Combining logistic regression and decision tree

towards-data-science

This post was originally published by Andrzej Szymanski, PhD at Towards Data Science

Making logistic regression less linear

Logistic regression is one of the most used machine learning techniques. Its main advantages are clarity of results and its ability to explain the relationship between dependent and independent features in a simple manner. It requires comparably less processing power, and is, in general, faster than Random Forest or Gradient Boosting.

However, it has also some serious drawbacks and the main one is its limited ability to resolve non-linear problems. In this article, I will demonstrate how we can improve the prediction of non-linear relationships by incorporating a decision tree into a regression model.

The idea is quite similar to weight of evidence (WoE), a method widely used in finance for building scorecards. WoE takes a feature (continuous or categorical) and splits it into bands to maximise separation between goods and bads (positives and negatives). Decision tree carries out a very similar task, splitting the data into nodes to achieve maximum segregation between positives and negatives. The main difference is that WoE is built separately for each feature, while nodes of decision tree select multiple features at the same time.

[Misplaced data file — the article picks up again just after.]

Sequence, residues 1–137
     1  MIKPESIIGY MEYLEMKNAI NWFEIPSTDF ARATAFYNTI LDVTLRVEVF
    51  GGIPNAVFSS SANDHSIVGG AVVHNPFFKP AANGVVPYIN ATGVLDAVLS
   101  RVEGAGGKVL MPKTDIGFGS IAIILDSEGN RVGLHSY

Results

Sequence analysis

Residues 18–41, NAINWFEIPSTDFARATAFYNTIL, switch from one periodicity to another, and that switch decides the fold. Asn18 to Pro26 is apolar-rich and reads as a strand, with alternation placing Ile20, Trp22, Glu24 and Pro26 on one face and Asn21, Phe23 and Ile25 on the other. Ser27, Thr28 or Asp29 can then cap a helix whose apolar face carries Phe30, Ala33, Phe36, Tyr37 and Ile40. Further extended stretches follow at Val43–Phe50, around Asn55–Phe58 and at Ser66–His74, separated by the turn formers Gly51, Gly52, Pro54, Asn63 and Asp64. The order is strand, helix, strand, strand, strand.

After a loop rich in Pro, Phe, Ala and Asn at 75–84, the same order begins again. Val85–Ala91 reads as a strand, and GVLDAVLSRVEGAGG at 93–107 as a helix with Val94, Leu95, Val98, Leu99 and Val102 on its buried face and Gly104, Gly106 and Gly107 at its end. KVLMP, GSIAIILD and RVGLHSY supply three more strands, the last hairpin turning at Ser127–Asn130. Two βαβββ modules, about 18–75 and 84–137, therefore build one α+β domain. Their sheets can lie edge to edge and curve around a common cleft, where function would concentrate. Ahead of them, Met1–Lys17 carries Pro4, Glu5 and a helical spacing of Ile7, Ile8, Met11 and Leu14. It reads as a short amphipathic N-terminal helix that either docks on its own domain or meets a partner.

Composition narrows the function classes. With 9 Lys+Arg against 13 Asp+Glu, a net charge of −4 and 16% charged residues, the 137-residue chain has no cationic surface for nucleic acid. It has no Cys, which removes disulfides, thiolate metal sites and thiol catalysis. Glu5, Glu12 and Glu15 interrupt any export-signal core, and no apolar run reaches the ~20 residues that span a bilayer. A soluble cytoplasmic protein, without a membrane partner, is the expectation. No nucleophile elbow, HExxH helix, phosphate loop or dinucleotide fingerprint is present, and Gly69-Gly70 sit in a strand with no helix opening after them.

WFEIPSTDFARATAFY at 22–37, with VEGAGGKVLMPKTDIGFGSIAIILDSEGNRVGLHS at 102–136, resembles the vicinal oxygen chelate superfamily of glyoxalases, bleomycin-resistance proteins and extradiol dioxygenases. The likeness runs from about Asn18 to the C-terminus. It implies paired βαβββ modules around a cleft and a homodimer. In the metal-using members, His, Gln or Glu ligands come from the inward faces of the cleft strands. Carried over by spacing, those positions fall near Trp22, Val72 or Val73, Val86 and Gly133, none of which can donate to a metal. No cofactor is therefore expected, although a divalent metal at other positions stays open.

Knowing that the decision tree is good at identifying non-linear relationships between dependent and independent features, we can transform the output of the decision tree (nodes) into a categorical variable and then deploy it in a logistic regression, by transforming each of the categories (nodes) into dummy variables.

In my professional projects, using decision tree nodes in the model would out-perform both logistic regression and decision tree results in 1/3 of cases. However, I have struggled to find any publicly available data which could replicate it. This is probably because the available data contain only a handful of variables, pre-selected and cleansed. There is simply not much to squeeze! It is much easier to find additional dimensions of the relationship between dependent and independent features when we have hundreds or thousands of variables at our disposal.

In the end, I decided to use the data from a banking campaign. Using these data I have managed to get a minor, but still an improvement of combined logistic regression and decision tree over both these methods used separately.

After importing the data I did some cleansing. The code used in this paper is available on GitHub. I have saved the cleansed data into a separate file.

Because of the small frequency, I have decided to oversample the data using SMOTE technique.

import pandas as pd
from sklearn.model_selection import train_test_split
from imblearn.over_sampling import SMOTEdf=pd.read_csv('banking_cleansed.csv')